Can I Move Away If I Share Custody with My Ex?

Can I Move Away If I Share Custody with My Ex?

Divorce is usually accompanied by a significant amount of change. How that change will affect your future isn’t always immediately apparent when you’re in the middle of divorce proceedings. Once things have settled a bit, you’ll likely face very real questions about what your future holds. Many people find that divorce necessitates a major move, and they often question what this will mean for their custody arrangements. The issue can be complex, but the good news is that legal help is available.

Make Your Move Less Stressful

When you share custody of your children with your ex-spouse, moving away from that ex can be challenging from a legal perspective. In fact, the laws pertaining to move aways are complex. If your ex is not on board with your move, it’s in your and your children’s best interest to consult with an experienced family law attorney who can help ensure that your plans go smoothly.

How Child Custody Affect Your Ability to Move

How complicated your decision to move will be depends on the kind of custody you share with your ex-spouse:

  • If you have primary or sole physical custody of your child or children, there oftentimes is a presumptive right that you can move away with the minor child or children (depending on what the final custody order or judgment provides), but oftentimes it still requires consent from the other parent. If no consent is given, a petition to move-away is filed with the Court and the presumption favoring your move shifts to your ex to prove “detriment.
  • If your children live with you most of the time and you are preparing to move, it’s important that you realize it’s not always clear whether a child custody order is temporary or permanent. A family law attorney can explain and help you explore your options.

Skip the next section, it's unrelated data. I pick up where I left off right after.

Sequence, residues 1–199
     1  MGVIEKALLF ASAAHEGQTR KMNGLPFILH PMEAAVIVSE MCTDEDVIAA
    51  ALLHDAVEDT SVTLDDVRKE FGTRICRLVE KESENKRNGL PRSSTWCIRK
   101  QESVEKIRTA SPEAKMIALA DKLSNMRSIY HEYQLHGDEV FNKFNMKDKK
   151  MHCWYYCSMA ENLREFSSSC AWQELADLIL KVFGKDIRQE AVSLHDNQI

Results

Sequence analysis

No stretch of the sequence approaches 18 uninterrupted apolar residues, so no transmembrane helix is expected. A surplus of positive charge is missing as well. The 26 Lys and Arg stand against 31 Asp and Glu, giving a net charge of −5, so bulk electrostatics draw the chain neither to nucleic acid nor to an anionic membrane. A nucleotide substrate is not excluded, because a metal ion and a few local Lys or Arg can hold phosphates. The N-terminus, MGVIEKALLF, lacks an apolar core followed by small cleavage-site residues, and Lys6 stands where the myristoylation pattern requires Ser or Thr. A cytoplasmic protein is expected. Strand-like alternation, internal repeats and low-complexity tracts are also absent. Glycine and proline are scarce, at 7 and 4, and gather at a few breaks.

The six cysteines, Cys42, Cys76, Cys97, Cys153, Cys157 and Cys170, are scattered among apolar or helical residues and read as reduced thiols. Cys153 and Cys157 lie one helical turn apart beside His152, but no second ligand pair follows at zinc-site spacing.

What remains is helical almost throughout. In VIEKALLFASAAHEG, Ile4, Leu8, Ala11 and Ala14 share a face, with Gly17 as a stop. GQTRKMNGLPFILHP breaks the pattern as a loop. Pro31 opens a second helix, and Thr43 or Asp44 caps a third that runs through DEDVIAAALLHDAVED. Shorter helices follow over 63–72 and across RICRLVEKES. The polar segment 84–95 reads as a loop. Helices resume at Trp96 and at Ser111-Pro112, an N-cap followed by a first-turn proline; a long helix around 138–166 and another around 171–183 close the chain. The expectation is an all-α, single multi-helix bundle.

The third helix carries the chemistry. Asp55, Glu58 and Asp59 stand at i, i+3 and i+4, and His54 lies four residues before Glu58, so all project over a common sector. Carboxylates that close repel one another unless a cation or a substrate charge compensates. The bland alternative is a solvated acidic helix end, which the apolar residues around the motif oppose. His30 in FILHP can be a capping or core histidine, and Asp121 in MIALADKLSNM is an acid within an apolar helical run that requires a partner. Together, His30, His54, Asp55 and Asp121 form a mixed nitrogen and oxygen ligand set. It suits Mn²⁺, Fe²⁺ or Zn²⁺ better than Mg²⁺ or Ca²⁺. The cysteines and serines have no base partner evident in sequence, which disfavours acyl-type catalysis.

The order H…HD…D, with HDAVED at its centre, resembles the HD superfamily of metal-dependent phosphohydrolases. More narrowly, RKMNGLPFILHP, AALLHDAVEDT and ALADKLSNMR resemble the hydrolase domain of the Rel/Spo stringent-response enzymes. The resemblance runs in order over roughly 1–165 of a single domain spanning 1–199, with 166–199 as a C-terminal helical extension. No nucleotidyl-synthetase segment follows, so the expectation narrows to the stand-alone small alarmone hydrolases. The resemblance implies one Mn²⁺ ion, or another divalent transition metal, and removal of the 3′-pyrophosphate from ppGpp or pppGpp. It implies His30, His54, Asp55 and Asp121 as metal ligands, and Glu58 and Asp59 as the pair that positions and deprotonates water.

• Joint physical custody can be much more complicated, especially if your ex disapproves of your plans to move. In such a case, you will be obligated to convince the court that your plans put your children’s best interest first.

The parenting plan drawn up in your divorce will address the way that you and your child’s other parent share custody, and it is modifiable under certain circumstances. In addition, courts will look to the parenting schedule that you and your spouse are actually using if it is different that the schedule set out in the parenting agreement.

If You’re Considering a Move after Divorce, Contact an Experienced California Family Law Firm

Moving with your children after going through a divorce can be a difficult legal process, and a California family law attorney can help. The family law attorneys at Razai & Nefulda, APC focus exclusively on providing outstanding family-law services throughout Orange and Los Angeles Counties. If you are preparing to move on with your life and need legal counsel or are simply looking for additional information, contact Razai & Nefulda, APC today for a free consultation at 714-663-9900.